(3.5 / 5)
Matthew Bulgo’s somewhat uneven monodrama, relates the story of Lily, a twenty-something year old girl trying to come to terms with her disordered existence.
I am having trouble making out the reason for the title. The Awkward Years in psychology refers to adolescence, that period in your teenage years full of angst and difficulty communicating with your parents that many of us endure.
But Lily is not an adolescent. We discover that she has been employed as a swimming pool attendant for ten years and had also attended university. The sheer mundanessof this job, leads to her voluntary resignation after being confronted by her unrespected boss about her dozing off whilst on duty. Lily is probably dozing off because of the somnolent repetitive nature of her job – she exclaims that in ten year, she has never had to rescue anyone.
When she dozes off, she dreams of drowning, thereby signifying her struggle for survival as a person. Maybe her outburst that she has never been called upon to rescue someone, means that she feels that she needs to save someone else from their plight.
Matthew Bulgo’s playlet, (running time 55 minutes) is at its best in the opening scenes where Lily relates her dissatisfaction after a bout of casual sex. “I thought about masturbation, but couldn’t be fucked” is one of a handful of funny lines. The playwright skillfully draws you in so that you like Lily and thereafter care about what she relates.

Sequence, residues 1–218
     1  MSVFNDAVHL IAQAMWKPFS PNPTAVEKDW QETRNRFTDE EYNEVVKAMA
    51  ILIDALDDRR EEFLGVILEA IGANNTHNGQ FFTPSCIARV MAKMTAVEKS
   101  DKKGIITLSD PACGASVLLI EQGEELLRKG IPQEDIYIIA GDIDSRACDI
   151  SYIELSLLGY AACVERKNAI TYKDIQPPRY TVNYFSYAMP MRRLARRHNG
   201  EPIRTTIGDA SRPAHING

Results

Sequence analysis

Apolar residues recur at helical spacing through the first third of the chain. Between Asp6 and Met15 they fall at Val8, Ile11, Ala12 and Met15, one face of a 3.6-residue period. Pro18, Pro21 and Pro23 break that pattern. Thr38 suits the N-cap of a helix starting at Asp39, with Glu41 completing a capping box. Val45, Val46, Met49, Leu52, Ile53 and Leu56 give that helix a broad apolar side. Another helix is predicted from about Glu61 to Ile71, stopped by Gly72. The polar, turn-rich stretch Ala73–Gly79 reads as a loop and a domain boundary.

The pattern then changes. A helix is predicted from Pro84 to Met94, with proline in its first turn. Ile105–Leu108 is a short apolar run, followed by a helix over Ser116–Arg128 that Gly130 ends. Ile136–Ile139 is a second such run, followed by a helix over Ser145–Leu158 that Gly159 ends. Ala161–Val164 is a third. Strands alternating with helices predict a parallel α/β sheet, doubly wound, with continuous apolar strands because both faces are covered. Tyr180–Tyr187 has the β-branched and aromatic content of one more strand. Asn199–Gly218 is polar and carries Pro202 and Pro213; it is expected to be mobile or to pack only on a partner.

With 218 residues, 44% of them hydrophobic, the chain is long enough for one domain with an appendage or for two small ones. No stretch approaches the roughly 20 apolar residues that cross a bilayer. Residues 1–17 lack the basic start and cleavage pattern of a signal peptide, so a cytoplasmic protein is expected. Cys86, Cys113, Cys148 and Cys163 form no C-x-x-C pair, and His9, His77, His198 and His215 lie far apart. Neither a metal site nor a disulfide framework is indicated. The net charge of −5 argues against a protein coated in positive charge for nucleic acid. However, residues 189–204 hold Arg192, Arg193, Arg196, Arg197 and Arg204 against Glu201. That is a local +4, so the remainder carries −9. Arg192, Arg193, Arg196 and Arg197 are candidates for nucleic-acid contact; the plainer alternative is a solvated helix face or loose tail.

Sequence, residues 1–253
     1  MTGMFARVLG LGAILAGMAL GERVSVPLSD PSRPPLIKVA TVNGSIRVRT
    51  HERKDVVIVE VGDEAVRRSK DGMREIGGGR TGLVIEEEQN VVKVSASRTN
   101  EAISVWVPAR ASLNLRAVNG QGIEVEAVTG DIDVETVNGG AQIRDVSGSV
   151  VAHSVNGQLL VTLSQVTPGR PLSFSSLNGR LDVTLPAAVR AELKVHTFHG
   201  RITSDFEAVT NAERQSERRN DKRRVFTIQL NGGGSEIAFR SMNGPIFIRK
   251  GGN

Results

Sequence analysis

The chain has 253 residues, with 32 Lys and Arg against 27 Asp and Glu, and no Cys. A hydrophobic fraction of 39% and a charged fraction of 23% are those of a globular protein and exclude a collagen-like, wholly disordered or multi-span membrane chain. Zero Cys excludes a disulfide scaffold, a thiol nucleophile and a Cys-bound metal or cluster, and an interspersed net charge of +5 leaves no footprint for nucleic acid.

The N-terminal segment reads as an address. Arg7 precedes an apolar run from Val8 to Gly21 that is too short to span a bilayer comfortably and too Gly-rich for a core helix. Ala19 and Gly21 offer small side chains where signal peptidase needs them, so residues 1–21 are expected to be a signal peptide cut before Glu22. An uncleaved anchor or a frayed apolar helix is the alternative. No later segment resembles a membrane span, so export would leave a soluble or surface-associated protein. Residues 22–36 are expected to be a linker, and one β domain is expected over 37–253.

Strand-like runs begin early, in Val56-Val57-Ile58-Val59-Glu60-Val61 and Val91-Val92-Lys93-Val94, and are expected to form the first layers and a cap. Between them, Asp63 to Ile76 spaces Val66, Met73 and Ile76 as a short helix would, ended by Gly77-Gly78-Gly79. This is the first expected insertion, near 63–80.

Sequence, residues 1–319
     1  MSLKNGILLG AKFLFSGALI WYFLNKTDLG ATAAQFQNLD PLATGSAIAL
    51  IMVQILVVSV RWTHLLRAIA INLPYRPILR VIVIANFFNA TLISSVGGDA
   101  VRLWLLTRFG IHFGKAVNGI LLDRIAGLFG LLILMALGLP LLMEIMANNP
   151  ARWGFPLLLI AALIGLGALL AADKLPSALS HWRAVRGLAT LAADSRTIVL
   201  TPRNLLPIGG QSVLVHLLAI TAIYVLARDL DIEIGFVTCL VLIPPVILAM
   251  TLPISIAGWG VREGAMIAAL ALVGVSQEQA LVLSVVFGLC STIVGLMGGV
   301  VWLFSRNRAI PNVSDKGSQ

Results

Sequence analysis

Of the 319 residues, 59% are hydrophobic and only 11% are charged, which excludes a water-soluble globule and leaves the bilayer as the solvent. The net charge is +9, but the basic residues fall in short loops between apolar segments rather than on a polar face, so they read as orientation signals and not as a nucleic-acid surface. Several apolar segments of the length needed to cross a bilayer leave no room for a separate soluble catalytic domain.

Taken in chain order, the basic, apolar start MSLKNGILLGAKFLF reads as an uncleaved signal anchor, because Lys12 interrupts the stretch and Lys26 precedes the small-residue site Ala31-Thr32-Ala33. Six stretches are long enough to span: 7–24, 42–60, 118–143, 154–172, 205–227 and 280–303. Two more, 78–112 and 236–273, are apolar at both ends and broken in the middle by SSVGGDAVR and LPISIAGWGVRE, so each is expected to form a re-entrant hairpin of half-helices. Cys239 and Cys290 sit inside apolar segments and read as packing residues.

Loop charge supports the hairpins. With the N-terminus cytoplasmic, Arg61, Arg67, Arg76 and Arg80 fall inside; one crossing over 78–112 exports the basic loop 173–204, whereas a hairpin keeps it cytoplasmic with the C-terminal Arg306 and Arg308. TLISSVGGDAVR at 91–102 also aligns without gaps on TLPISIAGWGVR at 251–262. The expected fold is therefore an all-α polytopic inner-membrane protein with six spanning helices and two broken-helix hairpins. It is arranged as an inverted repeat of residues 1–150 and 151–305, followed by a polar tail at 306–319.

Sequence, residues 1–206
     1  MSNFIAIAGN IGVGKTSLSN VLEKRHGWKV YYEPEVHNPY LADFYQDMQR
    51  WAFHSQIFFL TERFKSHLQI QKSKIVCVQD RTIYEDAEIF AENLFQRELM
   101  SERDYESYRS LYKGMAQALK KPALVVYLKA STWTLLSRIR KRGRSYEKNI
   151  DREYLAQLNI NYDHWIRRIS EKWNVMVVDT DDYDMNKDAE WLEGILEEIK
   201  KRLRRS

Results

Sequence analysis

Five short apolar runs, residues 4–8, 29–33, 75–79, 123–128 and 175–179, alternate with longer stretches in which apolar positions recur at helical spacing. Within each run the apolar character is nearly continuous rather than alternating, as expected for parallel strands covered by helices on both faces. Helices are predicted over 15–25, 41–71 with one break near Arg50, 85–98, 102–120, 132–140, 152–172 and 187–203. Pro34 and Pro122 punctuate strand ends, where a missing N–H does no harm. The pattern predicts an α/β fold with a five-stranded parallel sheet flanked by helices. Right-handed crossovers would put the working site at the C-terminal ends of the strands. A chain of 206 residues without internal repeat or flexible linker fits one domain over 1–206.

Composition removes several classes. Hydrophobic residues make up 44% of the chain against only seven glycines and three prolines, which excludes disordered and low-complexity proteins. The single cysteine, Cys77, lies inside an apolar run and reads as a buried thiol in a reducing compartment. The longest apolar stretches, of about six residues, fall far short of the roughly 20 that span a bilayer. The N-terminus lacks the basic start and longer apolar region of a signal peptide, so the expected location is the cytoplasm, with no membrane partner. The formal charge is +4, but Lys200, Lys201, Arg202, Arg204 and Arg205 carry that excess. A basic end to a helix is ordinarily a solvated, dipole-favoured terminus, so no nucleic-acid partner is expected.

Rather like Harold Pinter’s “No Man’s Land” the utterance of the title, The Awkward Years, triggers off a transformation in the nature of the play. It is at this stage where the play weakens, where a rather dull segment ensues where Lily outpours her angst to the audience. However Bulgo retrieves the situation in the final tender scene.
One thing that has impressed me since Dan Jones took over as Artistic Director of The Other Room is that under his stage direction, he manages to solicit outstanding performances from his actors. Lauren O’Leary has to release a gamut of emotions as Lily. With her attractive native Irish lilt she delivers her lines at times ferociously, (like a character in a Sean O’Casey play), at others with a comedic touch of excellent timing. On the basis of this performance, she is clearly a young actress to keep your eye on in the future.
I’m not sure whether Dan Jones’s use of robotic gyrating to display scene changes quite works for me. It does provide striking imagery well made use of by Angharad Evans effective lighting, but seems to get in the way a little of the natural flow of the dialogue.
Although there are similarities to Phoebe Waller-Bridge’s “Fleabag”, Matthew Bulgo has penned an intelligent and entertaining short play, enhanced by an outstanding performance by Lauren O’Leary, which is worth travelling a distance to see.
“The Awkward Years” continues its run at The Other Room, Cardiff until 29th September.
Due to pervasive language throughout and mature themes, the play is intended for an adult audience.